Allison Zmuda is an author and education consultant whose focus is creating dynamic learning environments for like-minded educators, parents, and kids. She has authored six books and her latest book, Breaking Free from Myths about Teaching and Learning, (ASCD, 2010) inspired the development of her new website Just Start! Kids and Schools. Allison serves as co-founder and curator of the site devoted to re-imagining what schooling looks like through the exchange of ideas and examples. Allison can be contacted via email: firstname.lastname@example.org.
by Silvia Rosenthal Tolisano
Cross posted to Langwitches Blog
Connected students need connected teachers. Connected teachers need backing from connected administrators. Connected administrators create and support connected schools!
What do I mean by connected?
I am looking beyond the traditional meaning of being connected. It is not as simple as looking at traditional networking… belonging to a Rotary Club…going to educational conferences… knowing your colleagues and staff… attending the local area school network days… I mean being connected to people (who you most likely will never meet) who inspire, support and amplify your LEARNING.
It is an intentional connection for specific purposes not merely a passive “knowing the right people”. Being connected means reaching out for diverse perspective, conversation partners, collaborative or crowdsourcing opportunities as part of your everyday work and learn flow. The following short video shares what being connected means to several educators who are living the “connected life” as a professional educator.
- Dedicate time: minimum 15 minutes a day
- Grow your PLN: read blogs and Twitter
- Tell a story: Go beyond marketing for your school, but see sharing as part of the mechanism of your network.
- Bring connected learning to the consciousness of your learning community
- Participate actively: Seek out online conference, Twitter chats or follow Twitter hashtags around an interesting conversation
As a connected learner, I look to my network to:
- gather resources I had not seen (see 1 below)
- have a conversation about the topic I am exploring or wrapping my mind around (see 2)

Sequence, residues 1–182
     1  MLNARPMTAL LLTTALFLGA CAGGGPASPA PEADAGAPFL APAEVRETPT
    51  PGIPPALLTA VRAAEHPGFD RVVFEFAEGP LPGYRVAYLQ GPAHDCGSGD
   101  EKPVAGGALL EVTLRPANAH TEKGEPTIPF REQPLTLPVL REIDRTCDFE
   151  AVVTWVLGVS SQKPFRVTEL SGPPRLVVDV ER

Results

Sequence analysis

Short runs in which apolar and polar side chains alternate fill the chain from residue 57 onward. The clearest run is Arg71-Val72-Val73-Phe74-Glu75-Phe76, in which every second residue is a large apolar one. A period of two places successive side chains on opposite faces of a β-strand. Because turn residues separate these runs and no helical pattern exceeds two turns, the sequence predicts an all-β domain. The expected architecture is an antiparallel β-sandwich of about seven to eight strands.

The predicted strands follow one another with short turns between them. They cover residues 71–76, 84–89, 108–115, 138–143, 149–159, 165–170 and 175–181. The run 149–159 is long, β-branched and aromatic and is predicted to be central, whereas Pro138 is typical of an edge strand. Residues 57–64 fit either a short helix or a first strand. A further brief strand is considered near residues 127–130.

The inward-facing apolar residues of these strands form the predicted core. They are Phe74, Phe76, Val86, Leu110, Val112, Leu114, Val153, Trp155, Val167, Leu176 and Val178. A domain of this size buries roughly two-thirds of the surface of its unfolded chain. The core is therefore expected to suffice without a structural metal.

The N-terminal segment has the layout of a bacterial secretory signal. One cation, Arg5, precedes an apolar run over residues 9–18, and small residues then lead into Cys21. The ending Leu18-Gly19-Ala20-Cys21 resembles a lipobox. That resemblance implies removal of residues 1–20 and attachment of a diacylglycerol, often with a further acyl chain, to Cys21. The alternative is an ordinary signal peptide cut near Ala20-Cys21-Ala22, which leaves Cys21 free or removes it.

- listen to points of view I had not considered (see 3)
- get inspiration (and sometimes a laugh) from people who are so much more creative than I am (see 4)
- be part of a crowdsourcing experience (see 5)
1) Using the #ce13 hashtag or reading customized magazine style RSS readers, I am connected to a constant flow of resources and conversations going on. I came across the following blog post by George Couros– Isolation is Now a Choice Educators Make.
2) By tweeting the link, @cmtmalvern responded with an intriguing statement and a short, spontaneous and instantaneous conversation had started.
3) I also had a face2face conversation with my Director of Technology, Mike Dunlop, who was questioning (as I was developing the image of the Connected Leader above) that I was heavily leaning towards Twitter and Blogging as the preferred platform FOR connecting. I am guilty as charged. I am biased towards twitting and blogging, since these are the platforms that I am most familiar with and primarily use for connecting. I DO agree with him though that they are NOT the only choices for becoming a connected administrator or leader.
“Aligned with our Mission, Core Values, and Strategic Objectives, ASB uses LinkedIn to support and develop:
Professional connections within the ASB Community
Connections to potential speakers for the classroom, division, or at the school-wide level
Associations and partnerships with organizations in support of school initiatives
- Relationships with local, national, and international governmental and education institutions”
Pinterest is quickly developing into a viable source for inspiration and connections to other educators I found the Singapore American School’s presence on Pinterest visually connecting and “” Celebrating all things SAS!”